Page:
Nor is the plaintiffs' claim one which in any aspect is entitled to support from a court of equity. From a formula once the property of both parties, the cologne in question came into favor with the public; without becoming the exclusive owners of the formula, or sole possessors of the art of following it, or of the emblem or device under which as a trade-mark it had acquired reputation, without claiming even an exclusive right to make this cologne, they do claim the exclusive use of the sign or token which, according to their theory, will represent to every one that they are the exclusive manufacturers of it. This would not be true. Each party may and does rightfully prepare and sell it. Neither has the exclusive right to the device or emblem, but each may use it in connection with their own names. The judgment goes upon a different theory, but upon a finding of fact without evidence to sustain it.
In the next place I can find no evidence upon which the plaintiffs can be justified in putting upon the market the article in question under the former firm name of "Caswell, Hazard Co." Upon the evidence and findings now before us, it might be described as manufactured by them as the successors of that firm, but nothing more. It certainly is not true that the cologne is manufactured by "Caswell, Hazard Co." and the relief sought by the plaintiffs should for this reason also he denied upon the doctrine lately applied by the Supreme Court of the United States in Manhattan Med. Co. v. Wood (28 Alb. Law Journal, 89), which deprives the party who makes a material false statement in connection with the property, of any claim to the assistance of a court of equity, or right to maintain the exclusive use of a trade-mark so worded as to contain a distinct assertion which is untrue, whether it relates to the name of the manufacturer, or the place where made, or other fact from which it had acquired celebrity.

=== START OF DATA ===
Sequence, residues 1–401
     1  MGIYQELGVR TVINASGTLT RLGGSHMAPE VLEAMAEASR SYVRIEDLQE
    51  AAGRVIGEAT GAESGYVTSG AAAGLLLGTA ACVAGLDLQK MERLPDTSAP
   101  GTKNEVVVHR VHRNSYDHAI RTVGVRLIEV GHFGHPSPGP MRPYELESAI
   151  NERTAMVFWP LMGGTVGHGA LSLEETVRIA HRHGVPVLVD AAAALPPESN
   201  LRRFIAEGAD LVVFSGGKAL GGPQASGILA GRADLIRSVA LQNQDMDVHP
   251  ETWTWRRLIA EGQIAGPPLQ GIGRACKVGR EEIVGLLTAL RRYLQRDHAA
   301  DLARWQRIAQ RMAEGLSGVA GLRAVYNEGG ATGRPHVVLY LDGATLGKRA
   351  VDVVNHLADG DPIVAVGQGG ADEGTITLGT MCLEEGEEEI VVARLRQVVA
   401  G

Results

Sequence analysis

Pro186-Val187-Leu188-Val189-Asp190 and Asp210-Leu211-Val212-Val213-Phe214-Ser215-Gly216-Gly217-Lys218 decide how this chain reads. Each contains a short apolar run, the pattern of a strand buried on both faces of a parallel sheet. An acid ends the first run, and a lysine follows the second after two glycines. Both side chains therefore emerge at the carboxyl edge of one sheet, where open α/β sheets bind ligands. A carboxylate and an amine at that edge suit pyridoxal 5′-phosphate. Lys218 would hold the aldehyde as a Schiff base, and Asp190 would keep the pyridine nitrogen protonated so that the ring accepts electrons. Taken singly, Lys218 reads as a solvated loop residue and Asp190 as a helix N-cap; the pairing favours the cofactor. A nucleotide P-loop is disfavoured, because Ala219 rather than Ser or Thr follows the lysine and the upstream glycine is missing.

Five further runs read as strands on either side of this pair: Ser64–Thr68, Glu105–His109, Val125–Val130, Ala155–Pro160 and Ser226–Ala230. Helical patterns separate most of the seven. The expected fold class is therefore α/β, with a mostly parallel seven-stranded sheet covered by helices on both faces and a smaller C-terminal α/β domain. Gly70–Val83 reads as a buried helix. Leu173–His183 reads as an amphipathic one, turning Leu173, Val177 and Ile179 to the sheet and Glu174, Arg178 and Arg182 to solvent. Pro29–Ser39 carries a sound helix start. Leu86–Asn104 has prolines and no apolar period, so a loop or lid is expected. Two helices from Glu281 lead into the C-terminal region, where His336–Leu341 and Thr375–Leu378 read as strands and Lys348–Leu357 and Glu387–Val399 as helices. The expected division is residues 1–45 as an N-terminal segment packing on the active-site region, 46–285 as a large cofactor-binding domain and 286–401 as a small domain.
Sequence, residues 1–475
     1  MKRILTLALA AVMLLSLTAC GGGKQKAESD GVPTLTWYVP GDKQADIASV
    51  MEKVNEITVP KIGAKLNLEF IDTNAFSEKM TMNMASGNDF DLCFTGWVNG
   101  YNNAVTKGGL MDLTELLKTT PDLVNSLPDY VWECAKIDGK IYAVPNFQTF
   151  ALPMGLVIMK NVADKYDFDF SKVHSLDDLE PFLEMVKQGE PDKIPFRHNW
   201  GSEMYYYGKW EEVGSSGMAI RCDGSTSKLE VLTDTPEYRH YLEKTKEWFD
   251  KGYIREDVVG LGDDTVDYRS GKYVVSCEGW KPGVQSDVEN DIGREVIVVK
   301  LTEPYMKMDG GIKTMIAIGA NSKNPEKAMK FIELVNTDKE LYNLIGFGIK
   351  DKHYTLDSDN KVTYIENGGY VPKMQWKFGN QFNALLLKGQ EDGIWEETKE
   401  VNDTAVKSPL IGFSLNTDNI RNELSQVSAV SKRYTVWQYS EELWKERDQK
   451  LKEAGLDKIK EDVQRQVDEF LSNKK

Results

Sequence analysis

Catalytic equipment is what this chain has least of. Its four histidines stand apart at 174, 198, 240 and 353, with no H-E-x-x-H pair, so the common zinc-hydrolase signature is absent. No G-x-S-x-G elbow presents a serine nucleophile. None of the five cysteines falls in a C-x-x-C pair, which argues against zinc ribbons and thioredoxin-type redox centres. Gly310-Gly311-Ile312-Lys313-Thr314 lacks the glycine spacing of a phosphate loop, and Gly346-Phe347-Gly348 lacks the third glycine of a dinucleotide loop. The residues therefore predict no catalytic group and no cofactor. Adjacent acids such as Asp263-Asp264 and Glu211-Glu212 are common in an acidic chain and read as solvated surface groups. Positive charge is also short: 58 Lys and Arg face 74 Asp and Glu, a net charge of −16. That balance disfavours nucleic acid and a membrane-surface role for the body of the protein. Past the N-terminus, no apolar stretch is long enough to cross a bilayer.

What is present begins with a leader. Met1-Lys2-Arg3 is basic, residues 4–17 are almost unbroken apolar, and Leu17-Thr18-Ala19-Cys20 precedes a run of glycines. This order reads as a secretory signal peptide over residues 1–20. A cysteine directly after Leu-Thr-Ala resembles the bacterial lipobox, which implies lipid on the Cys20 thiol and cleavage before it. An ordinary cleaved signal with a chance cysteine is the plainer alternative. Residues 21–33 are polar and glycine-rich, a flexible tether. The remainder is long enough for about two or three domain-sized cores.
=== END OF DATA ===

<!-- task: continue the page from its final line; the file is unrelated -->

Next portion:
I do not overlook the fact that the plaintiffs undertook to comply with the provisions of the act authorizing in certain cases the continued use of copartnership names. (Laws of New York, 1854, chap. 400.) It does not affect this question. Compliance with the statute by parties entitled to its benefit will enable them to deal with others under the old name, but it enlarges no right of property, nor can it invest them even with intangible rights of property to which a retiring member of the firm had a title. All that depends upon contract, and cannot be affected by their ex parte act. We do not think it necessary to determine whether it is in this instance valid for any purpose.
Other questions are raised by the appellants of less importance and which upon another trial may not arise. Upon those already discussed I think the appeal well taken. The judgment should, therefore, be reversed and a new trial granted, with costs to abide the event.
All concur, except RUGER, Ch. J., dissenting; RAPALLO, J., not voting, and ANDREWS J., absent.